The Brazilian authorities are fully committed to reducing the ratio of the public debt to GDP in 2000 and 2001, with a view to achieving by the end of 2001 a level below the 46.5 percent of GDP projected in the original program. To compensate for the adverse impact of the depreciation of the exchange rate on the public debt, they intend to achieve larger primary surpluses than originally envisaged in the program – in the range of 3 – 3.5 percent of GDP in 1999. New policy initiatives are being prepared to ensure the achievement of these targets. The authorities also discussed with the mission the progress made so far in the implementation of the fiscal adjustment measures for 1999. Most ofthese measures have already been approved by Congress, and the remaining one – the increase in the financial transaction tax has been passed by the Senate and is expected to be approved by the House in March. The authorities also noted that the program target for the primary surplus of the Federal Government for 1998 has been achieved with some margin.
Discussions also covered the progress to date in a number of structural reform areas including the tax reform, the administrative reform, the social security reform and the fiscal responsibility law proposal, social policies, the labor market and privatization. In a number of these structural reform areas, the Brazilian authorities are benefiting from the financial and technical support of the World Bank and the Inter-American Development Bank, with which the Fund mission is in close contact. The authorities have indicated their firm commitment to carry forward the reform agenda outlined in the Memorandum of Economic Policies, and also their intention to intensify and broaden the privatization and divestment effort (including, importantly, in the energy and financial sectors) which they consider essential for the modernization and efficient operation of those key sectors of the economy.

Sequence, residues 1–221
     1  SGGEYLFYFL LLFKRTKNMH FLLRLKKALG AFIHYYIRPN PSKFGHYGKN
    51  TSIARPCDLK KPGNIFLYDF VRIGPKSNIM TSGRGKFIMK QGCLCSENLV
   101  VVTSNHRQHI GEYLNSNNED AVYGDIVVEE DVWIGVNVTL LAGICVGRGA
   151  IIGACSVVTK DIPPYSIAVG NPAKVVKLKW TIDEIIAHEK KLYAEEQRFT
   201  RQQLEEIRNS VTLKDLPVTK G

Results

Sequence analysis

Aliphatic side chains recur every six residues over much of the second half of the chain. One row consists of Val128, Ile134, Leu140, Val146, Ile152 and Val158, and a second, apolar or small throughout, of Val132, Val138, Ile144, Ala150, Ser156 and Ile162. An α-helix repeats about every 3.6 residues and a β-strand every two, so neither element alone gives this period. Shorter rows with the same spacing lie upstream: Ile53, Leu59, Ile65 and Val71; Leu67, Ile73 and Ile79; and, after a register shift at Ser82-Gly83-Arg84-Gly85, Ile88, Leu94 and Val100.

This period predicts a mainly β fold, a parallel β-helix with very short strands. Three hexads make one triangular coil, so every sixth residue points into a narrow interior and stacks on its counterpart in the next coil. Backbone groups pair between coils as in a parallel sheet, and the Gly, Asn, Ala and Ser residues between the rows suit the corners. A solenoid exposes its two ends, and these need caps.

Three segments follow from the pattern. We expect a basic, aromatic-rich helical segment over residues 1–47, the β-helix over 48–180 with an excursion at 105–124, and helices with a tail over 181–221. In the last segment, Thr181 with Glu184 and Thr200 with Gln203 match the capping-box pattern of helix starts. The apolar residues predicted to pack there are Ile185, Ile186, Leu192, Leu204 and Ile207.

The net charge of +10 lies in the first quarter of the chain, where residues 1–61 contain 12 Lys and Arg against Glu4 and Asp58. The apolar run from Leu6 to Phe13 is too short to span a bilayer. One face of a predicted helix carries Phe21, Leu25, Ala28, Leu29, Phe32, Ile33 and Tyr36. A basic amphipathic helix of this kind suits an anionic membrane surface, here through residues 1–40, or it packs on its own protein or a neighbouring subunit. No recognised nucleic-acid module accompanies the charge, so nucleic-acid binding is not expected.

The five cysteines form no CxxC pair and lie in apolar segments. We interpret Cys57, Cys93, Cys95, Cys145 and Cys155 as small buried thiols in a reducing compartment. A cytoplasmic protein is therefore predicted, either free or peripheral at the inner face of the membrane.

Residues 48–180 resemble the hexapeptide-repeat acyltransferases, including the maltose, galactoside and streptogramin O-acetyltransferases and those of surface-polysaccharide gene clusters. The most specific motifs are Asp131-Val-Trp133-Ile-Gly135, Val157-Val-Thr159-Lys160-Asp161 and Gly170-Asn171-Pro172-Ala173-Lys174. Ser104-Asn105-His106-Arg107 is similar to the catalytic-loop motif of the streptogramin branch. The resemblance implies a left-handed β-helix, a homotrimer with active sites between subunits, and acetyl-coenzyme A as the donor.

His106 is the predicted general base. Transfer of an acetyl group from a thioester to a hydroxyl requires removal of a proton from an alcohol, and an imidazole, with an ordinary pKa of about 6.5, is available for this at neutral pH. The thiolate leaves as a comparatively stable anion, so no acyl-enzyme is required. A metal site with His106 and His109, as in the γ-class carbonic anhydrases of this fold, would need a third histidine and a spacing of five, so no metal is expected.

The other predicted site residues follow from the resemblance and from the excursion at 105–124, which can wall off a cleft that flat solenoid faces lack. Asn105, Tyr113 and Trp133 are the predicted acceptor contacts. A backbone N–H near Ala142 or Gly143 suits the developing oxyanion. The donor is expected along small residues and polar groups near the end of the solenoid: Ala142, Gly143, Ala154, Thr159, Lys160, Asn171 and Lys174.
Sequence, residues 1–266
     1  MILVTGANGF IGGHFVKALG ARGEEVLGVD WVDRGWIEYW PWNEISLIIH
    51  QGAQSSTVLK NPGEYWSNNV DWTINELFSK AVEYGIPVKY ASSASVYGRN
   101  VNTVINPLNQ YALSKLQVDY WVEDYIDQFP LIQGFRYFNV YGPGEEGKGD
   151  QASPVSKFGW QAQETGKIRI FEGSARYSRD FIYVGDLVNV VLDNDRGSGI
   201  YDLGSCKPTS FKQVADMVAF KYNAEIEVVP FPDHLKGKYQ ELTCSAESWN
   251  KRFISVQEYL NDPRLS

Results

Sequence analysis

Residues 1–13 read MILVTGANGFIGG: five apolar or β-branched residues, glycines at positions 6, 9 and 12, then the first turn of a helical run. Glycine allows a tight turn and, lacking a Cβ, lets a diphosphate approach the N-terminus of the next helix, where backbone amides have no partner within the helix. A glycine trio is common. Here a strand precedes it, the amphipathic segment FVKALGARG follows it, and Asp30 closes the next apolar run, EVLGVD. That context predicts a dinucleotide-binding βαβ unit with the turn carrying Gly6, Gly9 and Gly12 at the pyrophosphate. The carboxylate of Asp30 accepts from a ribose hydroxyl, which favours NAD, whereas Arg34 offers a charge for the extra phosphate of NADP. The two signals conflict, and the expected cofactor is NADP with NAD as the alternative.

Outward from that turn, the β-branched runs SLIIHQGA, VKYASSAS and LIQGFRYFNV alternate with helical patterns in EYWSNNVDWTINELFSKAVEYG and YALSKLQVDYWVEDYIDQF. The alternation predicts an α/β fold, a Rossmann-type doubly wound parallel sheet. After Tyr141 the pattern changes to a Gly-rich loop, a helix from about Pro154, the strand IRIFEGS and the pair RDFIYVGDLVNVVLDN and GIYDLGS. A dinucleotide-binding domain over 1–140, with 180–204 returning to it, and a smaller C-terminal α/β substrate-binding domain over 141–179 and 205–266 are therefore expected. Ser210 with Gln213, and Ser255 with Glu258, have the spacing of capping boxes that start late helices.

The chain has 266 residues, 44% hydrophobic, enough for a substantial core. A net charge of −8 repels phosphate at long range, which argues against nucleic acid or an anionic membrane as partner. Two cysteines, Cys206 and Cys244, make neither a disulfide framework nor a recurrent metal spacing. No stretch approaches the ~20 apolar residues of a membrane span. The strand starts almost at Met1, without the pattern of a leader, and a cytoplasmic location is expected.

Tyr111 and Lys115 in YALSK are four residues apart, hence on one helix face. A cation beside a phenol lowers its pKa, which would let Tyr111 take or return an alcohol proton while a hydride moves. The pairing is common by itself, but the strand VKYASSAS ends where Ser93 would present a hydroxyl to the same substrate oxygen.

The authorities and the IMF team are confident that the decisive implementation of appropriate economic and structural policies, with the support of the international financial community, will be instrumental in promoting in the course of 1999 a progressive rebuilding of confidence, a substantial improvement of the current account of the balance of payments, a gradual reflow of private capital to Brazil, and a strengthening of the exchange rate.
The Brazilian authorities have reaffirmed their intention to subscribe to the Special Data Dissemination Standard of the IMF, after the necessary technical work has been done to improve quarterly estimates of GDP and certain state and municipal fiscal data. Building on the progress made so far in liberalizing current account transactions, the authorities expressed their commitment to accept in the near future the obligations of Article VIII of the IMF Articles of Agreement.
The authorities will continue discussions with the IMF staff team in the days ahead, with a view to proposing to the IMF Management and Board as soon as possible, and in any case before the end of March, the completion of the first review of the program, which would be followed by the release of the next tranche of the arrangement.
IMF EXTERNAL RELATIONS DEPARTMENT